With people having more access to technology and information, the supply chain of our food has never come under such close watch. Problems like chemical pesticides, technological progression, genetic modification, climate change and – most recently – the infamous horse meat scandal mean the agricultural sector is currently undergoing some pretty big changes.
What A-Levels do you need?
Usually some science-based A-levels will be required, although this varies depending on the university and the course in question. Bangor prefer at least one science A-level from students applying to their agriculture, conservation and environment BSc, for example, whereas the University of Nottingham require two science A-levels (although these can include the likes of geography and maths).
What are your study options?
If you’re starting to think about doing agriculture or horticulture at uni, you’ll be pleased to know there are plenty of different study options available. You should note that it is also possible to find an entry level job within this field after you’ve finished your A Levels and acquire your knowledge as you work, but this can take years, and may leave you with very little flexibility in terms of the job market.
Studying agriculture at uni, however, will give you a decent head start in terms of your knowledge and your future employability. There are a number of different programmes available to study, but most of them will offer a general overview of the agricultural sector during your first year. From the second year, you will be encouraged to choose specific modules in subjects such as crop management, agricultural engineering or animal management – depending on what appeals to your interests.
Given the practical nature of the subject, work experience will play a key role in your course. Many universities offer a sandwich year (which will allow you to spend a year on placement in between your second and final years), and the Royal Agricultural College include a six-month placement as part of their course.
Why study Agriculture & Horticulture?
So if the option to simply learn on the job is there, is it really worth studying agriculture or horticulture at university? Well, one thing worth remembering is that a course within this field will provide you with an in-depth knowledge of the agricultural industry as a whole, allowing you to consider a number of different specialist subjects, and meaning your learning will be tailored to your personal interests.
Agriculture is a fascinating subject – particularly for those with a passion for the outdoors and an interest in business and science. It is also a really important industry, which means that if you work hard and do well in your degree, there will be a whole host of job opportunities waiting for you when you finish…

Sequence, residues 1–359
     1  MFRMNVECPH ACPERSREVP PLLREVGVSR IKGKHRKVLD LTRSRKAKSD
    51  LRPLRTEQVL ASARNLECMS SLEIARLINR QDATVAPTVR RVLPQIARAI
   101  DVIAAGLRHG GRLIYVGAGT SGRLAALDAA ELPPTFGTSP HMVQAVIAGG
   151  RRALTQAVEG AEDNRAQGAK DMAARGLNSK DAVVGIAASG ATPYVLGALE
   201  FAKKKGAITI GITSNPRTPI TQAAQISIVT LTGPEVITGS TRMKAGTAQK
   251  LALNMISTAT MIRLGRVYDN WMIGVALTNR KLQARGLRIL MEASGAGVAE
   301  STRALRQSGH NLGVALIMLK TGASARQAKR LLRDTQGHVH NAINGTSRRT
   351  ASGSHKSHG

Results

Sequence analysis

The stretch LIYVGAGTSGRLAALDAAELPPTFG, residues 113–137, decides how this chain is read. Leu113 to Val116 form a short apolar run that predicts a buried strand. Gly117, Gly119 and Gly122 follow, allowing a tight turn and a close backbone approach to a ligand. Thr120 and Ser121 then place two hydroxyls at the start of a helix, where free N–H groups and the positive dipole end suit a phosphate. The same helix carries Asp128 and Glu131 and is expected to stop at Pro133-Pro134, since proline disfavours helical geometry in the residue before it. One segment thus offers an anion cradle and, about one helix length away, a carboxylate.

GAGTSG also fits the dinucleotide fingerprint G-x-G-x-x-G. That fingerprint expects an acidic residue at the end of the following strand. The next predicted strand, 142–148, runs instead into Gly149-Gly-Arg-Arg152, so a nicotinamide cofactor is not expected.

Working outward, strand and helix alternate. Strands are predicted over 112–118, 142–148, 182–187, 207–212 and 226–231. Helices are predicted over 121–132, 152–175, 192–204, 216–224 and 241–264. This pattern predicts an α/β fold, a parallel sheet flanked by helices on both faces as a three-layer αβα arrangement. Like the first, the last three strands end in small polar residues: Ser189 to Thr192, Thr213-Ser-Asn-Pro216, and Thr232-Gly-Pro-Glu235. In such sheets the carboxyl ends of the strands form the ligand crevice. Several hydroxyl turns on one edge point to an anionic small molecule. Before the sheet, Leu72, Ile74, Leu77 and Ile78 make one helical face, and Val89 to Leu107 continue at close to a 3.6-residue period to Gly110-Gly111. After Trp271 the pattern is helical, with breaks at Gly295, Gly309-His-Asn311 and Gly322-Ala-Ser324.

After your degree...
There are a number of different things that you can do after finishing your undergrad degree. If you enjoyed your time at university, you can study your chosen specialism in much more depth by taking on an MSc or even a PhD qualification and finding work within the research sector.
Alternatively, many new graduates find work in production, food education, and communication, as well as having the option to pursue careers in the health and safety sector. It is also possible to use an agriculture qualification to find jobs within government agencies or charities, and occasionally within the product testing and marketing sectors.
Q & A with a Plant Science BSc Graduate
Jennifer Cunliffe studied plant science at the University of Manchester...
Why did you choose to study plant science at university?
I was always interested in biology during school and in the first instance started on a straight biology degree when I got to university. However, after my first year I realised that the subjects I found most exciting where all related to plants, so I decided to specialise in plant science and changed over degree.
What was the most enjoyable aspect?
My degree was applied, which meant I spent the third year on a work placement. I was very lucky to secure a position at the Royal Botanic Gardens at Kew where I carried out research in the micromorphology group and used a variety of microscopy techniques to address questions about the evolutionary origin of flowers. The placement was fantastic and made me realise I could make a career out of doing research; I could not recommend doing a degree with a placement anymore highly.
What was the least enjoyable aspect?
Doing such a specialist degree (I only had 4 other course mates!) meant that I often struggled to find enough pure plant units to make up my degree and ended up taking a few random units that weren’t too relevant to my degree.
How do you think a plant science degree might help graduates seeking employment?
Agriculture, horticulture and plant science is such a growing sector as we are facing a huge challenge in how we can feed a growing population in the face of climate change. There are so many diverse skills this type of degree supplies and this offers a good breadth of employment opportunities e.g. farm management, research, food science, consultancy, sales, policy, and even a business related career.
How did the course prepare you for your job?
It covered quite a wide breadth of subjects in plant science and helped me find which area I was really interested in. Most importantly, my placement made me realise that I really wanted a career in research and I have since gone on to complete a PhD, and am now a researcher in plant biology at an agricultural research institute.
What would you like to go on to do in your career in the future?
Ideally, I would like to carry on in research, eventually securing funding to establish my own research group.